- Before the marrow/stem cell grafting procedure begins, most patients/clients experience a period of no marrow function as a consequence of the immunosuppressive preparation and their underlying disease. After the transplant, 10 to 28 days (the “critical period”) are required before the transplanted marrow/stem cells have sufficiently engrafted to begin to produce new marrow.
- The post-transplantation period has three phases: the pancytopenic/neutropenic phase; the immune recovery phase (3 to 12 months); and the long-term immunocompetent phase (1 to 3 years). The patient/client is at risk of complications (including infection, bleeding, and anemia) during the period of chemoradiation-induced myelosuppression (particularly during the immunosuppressive preparation and the first 28 days post-transplant), as well as afterwards if graft-versus-host disease occurs. Most patients/clients are given anti-rejection drugs (such as cyclosporine, methotrexate, or steroids) after transplantation. Antifungal drugs (e.g., intravenous miconazole) are also often given during immunosuppressive preparation and during the critical period after HCT. Long-term therapy with broad-spectrum antibiotics is often needed to reduce the risk of infection.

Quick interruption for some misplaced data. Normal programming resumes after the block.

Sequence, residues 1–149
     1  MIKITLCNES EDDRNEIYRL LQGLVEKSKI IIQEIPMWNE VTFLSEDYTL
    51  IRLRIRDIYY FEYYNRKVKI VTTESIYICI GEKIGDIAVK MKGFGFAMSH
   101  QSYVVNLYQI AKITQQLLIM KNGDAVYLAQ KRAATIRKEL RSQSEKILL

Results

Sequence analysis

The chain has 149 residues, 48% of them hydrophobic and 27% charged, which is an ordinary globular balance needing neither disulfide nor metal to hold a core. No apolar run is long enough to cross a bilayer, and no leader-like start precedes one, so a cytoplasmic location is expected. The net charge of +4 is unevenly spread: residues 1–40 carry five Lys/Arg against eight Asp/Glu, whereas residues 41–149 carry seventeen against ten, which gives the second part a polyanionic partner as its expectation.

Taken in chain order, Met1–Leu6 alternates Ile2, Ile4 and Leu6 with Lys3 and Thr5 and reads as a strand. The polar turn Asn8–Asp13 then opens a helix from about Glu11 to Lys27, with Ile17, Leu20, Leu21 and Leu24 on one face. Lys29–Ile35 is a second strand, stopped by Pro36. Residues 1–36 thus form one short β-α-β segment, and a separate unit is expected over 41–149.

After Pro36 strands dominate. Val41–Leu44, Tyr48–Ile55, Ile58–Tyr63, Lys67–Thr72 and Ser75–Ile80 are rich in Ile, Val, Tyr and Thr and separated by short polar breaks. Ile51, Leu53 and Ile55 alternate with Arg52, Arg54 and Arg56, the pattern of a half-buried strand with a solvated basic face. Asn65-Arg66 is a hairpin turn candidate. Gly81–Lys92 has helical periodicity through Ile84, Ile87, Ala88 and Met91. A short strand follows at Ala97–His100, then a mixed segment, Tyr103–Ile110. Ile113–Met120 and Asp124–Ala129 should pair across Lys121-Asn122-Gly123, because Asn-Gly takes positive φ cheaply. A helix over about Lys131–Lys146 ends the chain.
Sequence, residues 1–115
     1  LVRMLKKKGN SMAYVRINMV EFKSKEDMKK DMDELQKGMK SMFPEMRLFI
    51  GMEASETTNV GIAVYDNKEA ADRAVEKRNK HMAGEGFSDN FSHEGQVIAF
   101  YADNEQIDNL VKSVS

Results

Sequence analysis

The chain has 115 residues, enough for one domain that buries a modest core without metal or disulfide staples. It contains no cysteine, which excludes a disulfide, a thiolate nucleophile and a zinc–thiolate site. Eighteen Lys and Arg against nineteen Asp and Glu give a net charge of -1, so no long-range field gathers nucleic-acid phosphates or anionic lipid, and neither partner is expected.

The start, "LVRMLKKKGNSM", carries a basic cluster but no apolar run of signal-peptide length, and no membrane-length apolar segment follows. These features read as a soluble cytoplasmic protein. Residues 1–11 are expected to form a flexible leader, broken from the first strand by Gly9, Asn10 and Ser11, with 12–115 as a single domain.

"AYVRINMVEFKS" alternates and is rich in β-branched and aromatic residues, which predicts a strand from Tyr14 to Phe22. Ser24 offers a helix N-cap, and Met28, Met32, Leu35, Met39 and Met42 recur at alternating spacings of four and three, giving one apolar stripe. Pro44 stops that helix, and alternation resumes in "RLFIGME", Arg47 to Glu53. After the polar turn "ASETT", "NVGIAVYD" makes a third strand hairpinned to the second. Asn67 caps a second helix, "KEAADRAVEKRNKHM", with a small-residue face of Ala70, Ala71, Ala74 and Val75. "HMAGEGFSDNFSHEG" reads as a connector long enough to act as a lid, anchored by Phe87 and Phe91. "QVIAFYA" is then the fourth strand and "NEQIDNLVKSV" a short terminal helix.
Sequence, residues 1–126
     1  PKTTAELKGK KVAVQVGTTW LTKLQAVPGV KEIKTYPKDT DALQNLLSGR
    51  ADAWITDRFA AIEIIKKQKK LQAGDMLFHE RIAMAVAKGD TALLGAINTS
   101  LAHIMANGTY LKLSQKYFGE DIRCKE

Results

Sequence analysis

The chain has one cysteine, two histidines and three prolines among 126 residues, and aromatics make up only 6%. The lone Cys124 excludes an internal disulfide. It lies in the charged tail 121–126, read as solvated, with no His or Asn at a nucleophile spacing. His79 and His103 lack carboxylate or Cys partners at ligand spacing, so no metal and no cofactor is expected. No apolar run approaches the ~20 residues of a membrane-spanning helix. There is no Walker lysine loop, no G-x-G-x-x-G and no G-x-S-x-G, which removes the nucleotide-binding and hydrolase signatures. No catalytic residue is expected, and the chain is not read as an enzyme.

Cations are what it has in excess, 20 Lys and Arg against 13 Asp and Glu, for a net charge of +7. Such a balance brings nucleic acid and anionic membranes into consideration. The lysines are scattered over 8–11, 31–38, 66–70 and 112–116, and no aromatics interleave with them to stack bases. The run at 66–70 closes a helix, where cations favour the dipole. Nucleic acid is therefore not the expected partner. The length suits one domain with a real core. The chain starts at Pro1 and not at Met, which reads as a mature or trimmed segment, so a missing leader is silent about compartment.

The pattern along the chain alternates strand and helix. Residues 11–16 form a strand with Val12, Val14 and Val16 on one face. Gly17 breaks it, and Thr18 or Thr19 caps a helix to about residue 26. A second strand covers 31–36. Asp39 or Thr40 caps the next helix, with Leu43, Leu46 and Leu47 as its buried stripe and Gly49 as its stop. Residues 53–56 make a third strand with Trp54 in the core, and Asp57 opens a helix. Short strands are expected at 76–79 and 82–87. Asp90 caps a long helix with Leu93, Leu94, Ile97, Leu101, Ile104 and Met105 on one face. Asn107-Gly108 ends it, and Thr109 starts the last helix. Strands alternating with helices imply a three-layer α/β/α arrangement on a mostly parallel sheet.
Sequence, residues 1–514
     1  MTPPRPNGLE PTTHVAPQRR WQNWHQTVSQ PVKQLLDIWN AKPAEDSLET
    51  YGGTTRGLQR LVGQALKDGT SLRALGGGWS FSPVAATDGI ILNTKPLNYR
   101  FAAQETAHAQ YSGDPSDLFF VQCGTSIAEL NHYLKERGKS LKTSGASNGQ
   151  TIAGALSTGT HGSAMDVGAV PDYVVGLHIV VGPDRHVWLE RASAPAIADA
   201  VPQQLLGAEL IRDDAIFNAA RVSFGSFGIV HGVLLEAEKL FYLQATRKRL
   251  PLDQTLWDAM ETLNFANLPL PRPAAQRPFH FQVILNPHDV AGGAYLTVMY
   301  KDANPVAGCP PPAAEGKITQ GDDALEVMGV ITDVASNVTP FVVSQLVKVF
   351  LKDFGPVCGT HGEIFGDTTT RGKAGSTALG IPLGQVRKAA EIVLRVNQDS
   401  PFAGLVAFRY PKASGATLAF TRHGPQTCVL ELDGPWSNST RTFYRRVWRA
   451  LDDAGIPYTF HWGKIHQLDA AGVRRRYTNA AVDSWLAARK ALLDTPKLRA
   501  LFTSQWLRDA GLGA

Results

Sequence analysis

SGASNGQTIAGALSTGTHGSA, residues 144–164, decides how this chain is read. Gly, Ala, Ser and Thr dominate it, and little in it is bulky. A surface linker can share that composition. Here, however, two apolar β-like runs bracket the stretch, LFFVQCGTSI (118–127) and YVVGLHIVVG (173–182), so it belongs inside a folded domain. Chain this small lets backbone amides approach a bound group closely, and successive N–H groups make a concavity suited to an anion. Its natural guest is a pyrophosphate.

- Upon full bone marrow recovery, signs/symptoms associated with acute cytotoxicity, immunosuppression, and thrombocytopenia disappear.
- Hypertension, bleeding problems, and anemia can result from cyclosporine-induced kidney and liver changes. Cyclosporine is also associated with hirsutism, gynecomastia, and cancers of the skin and cervix.
- Diabetes mellitus, hypertension, osteoporosis, impaired healing, increased risk of infection, and depression are side effects of prednisone (steroid) therapy. Adrenal gland suppression may also occur, which reduces the patient/client’s ability to deal with the stress of trauma, infection, or extreme anxiety.